Social economy is a pillar of European economy, accounting for roughly 10% of the GDP.
At a first glance the phrase ‘social economy’ seems a contradiction. The economy, as we know it, is profit and consumption oriented. And the social dimension, if any, is not necessarily obvious. Nevertheless, social economy is functional in the European Union and not only. Actually, this sector is a pillar of European economy, accounting for roughly 10% of the GDP. More than 11 million workers, about 4.5% of the EU’s active population, have jobs in the social economy and a European Parliament resolution issued in November 2009 encourages the development of social enterprises both as models for economic growth and as inter-community assistance. Elisabeta Varga, a consultant in the NESst foundation, which provides consultancy to various social enterprises, gives us a detailed description of social economy.
“It has developed in response to the concrete needs of communities, and has come up with solutions to social issues, which are not covered by the public and private sectors. The objectives of social economy are the creation of new jobs and getting citizens more involved in community affairs. We can define it more clearly in opposition with the market economy, whose main aim is to make profit. As opposed to it, the social economy is designed to improve standards of living and foster new opportunities for the disadvantaged.”
The concept of social economy is not strange to the Romanians either. It was operational back in the time of the communist dictatorship as manufacture cooperatives. Here is Dumitru Fornea, member of the Economic and Social European Committee.
“Social economy is not a new concept, neither for Europeans in general, or Romanians in particular. Here, though, it took other forms. It started with the concept of ‘cooperation’ through cooperatives. Here, however, cooperatives failed because the communist state took control over this form of voluntary association. In the West, there have been forms that replaced these cooperatives, such as associations of workers in Spain and various types of foundations, which today are very active in Europe, and even in Romania. Social economy wants to capitalize on human resources to a maximum extent, focusing mostly on people, not on profit.”
Marred by the communist period, social economy in Romania had difficulties after 1990. In spite of this, in 2009, the social economy employed 3.3% of all workers in Romania. By 2011 it became an important sector of economic and social life, with mostly NGOs active. In 2009, 69% of active entities in the social economy were created by various associations and foundations, with the rest of 31% being the property of cooperatives. Elisabeta Varga gave us examples of social enterprises in Romania. She said that most of them could be found in the countryside:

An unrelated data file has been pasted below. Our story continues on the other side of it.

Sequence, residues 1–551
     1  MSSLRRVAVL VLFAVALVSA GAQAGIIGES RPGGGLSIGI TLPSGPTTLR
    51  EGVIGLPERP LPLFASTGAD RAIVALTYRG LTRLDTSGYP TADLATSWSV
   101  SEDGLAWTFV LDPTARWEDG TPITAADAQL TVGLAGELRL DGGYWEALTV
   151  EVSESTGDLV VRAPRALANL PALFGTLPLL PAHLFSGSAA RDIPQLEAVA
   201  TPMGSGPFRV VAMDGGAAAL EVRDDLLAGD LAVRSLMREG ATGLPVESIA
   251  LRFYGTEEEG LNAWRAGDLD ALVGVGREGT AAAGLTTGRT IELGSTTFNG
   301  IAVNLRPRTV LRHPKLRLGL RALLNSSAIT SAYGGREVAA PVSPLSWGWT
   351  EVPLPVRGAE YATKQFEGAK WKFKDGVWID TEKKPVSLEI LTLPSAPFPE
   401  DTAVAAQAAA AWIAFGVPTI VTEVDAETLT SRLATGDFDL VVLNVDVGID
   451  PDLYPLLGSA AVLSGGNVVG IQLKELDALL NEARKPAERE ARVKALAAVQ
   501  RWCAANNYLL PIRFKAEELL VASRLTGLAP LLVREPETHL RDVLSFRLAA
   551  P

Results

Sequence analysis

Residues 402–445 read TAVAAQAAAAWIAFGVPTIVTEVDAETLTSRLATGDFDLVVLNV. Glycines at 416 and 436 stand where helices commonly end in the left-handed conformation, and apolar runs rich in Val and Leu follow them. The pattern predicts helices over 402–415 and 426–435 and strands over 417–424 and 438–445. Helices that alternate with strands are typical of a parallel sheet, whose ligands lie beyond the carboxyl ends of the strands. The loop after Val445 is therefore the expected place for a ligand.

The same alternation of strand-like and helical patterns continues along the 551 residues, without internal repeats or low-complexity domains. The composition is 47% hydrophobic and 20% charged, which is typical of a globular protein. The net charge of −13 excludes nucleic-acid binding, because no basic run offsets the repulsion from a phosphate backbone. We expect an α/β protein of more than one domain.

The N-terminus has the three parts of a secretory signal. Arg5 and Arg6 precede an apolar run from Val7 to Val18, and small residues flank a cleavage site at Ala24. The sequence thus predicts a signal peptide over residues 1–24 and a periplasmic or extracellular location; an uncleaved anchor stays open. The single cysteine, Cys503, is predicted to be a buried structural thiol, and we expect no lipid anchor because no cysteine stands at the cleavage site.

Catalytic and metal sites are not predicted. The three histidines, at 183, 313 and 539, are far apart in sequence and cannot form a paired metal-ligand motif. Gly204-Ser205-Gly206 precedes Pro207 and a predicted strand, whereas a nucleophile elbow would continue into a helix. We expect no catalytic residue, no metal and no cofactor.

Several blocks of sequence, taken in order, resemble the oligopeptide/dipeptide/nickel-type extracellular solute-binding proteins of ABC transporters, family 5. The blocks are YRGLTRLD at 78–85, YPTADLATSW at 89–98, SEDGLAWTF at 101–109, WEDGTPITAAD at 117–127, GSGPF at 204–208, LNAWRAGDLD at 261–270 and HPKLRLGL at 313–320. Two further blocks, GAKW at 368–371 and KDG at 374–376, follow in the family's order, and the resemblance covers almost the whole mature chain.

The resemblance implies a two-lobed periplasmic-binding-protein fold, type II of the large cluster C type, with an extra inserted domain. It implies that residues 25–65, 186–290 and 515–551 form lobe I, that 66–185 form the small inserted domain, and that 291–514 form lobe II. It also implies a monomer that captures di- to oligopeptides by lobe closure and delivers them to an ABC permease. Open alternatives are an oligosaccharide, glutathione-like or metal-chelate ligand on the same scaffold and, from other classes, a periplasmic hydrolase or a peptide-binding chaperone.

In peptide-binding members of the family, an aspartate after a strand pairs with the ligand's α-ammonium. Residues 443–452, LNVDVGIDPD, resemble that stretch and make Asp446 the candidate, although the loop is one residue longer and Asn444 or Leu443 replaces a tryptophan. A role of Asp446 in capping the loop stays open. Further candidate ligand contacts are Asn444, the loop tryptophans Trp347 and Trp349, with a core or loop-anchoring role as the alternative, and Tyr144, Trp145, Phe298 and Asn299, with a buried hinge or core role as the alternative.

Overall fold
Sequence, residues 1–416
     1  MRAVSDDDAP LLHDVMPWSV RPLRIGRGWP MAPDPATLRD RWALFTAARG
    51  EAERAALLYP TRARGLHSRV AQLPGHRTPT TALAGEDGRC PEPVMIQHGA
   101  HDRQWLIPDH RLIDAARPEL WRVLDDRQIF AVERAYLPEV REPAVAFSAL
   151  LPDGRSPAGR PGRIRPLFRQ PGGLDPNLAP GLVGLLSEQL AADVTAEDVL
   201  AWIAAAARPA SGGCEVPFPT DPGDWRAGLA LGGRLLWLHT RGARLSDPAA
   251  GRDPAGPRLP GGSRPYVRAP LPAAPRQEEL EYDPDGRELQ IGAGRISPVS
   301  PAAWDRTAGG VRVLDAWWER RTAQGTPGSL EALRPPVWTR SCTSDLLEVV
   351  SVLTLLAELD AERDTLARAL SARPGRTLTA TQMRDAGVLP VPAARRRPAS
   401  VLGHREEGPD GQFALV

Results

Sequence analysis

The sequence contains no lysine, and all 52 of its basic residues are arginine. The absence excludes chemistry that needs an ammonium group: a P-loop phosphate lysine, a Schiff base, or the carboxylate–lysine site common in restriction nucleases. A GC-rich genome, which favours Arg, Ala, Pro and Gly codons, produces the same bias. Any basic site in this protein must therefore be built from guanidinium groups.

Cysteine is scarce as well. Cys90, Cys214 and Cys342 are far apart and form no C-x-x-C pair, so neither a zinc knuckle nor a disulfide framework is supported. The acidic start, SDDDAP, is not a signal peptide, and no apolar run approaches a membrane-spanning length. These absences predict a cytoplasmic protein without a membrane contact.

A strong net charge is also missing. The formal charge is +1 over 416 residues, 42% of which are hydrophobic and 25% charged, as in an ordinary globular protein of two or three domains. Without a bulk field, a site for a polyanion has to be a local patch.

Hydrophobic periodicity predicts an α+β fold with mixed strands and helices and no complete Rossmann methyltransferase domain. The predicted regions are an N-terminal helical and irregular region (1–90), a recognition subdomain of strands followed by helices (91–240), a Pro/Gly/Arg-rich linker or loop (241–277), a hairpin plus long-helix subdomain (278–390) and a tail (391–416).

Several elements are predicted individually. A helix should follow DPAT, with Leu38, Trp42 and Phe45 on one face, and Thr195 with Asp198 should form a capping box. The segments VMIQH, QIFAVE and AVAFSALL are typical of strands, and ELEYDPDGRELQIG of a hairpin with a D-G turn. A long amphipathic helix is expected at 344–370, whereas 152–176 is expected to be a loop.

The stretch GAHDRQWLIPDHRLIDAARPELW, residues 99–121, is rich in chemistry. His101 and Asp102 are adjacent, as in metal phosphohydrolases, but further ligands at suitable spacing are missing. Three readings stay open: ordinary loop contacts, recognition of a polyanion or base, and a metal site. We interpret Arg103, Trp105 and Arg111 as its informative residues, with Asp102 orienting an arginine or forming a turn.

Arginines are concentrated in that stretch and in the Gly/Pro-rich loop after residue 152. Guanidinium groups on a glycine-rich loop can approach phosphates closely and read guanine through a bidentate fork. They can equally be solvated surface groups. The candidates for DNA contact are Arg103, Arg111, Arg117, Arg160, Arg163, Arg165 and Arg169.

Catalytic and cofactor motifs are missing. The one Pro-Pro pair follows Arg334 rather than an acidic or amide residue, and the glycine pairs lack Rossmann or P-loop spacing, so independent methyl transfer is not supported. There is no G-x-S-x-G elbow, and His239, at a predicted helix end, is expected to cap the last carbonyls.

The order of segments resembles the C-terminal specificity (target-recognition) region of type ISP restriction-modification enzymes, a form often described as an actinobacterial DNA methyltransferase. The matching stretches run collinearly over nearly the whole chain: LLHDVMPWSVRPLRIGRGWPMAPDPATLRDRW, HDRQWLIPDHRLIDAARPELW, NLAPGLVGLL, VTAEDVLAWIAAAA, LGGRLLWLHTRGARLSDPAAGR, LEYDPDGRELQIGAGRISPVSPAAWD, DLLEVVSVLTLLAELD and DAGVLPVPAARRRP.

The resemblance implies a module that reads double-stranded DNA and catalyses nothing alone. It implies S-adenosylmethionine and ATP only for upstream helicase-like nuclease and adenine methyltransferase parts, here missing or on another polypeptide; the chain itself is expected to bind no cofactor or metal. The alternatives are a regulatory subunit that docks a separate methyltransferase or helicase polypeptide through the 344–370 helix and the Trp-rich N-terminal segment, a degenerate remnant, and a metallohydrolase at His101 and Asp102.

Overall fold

“One of them is an association called ‘Village Life’, set up by a group of young people who used to work in various corporations, but later got back to the values of the village they want to promote. Their social enterprise deals with rural tourism. They want to promote this area, and for this they work with various households in the countryside which host tourists, showing them village life and their daily activities. They show them houses and beautiful places, as well as fast disappearing traditions. Another example is that of a foundation in Salaj county, which, along with the local authorities, have set up a social enterprise that wants to create a tourist brand on Barcau Valley. The foundation supports small honey makers in the area.”
Since this is such an important sector for the EU, its institutions provide member states with several financing possibilities, as we found out from Dumitru Fornea:
“In Romania, the European program POSDRU is meant to develop the social economy. They tried to provide support for the social economy between 2007 and 2013, and we hope for this financial support to continue in the next financial year. They tried to help social enterprises, but accessing these funds supposes a certain amount of experience and knowledge. That is why it is important to be an associate if you want to have success and access European funds.”
However, even though people are willing to get involved in a social enterprise, the access to money is not always easy. Here is Elisabeta Varga:
“For small entrepreneurs, for small social enterprises of the kind we mentioned, accessing these funds is very difficult. In fact, these funds are inaccessible to them. Firstly because of the co-financing requirement, which is an amount that many entrepreneurs simply don’t have. Practically, everything stops here when it comes to accessing European funds of this nature.”
Improving access to financing was included in the 2011 ‘Initiative for Social Entrepreneurship’, which is an ample EU plan included in the EU 2020 Strategy. In spite of this, for social entrepreneurs across the country, European funds are still a rarity.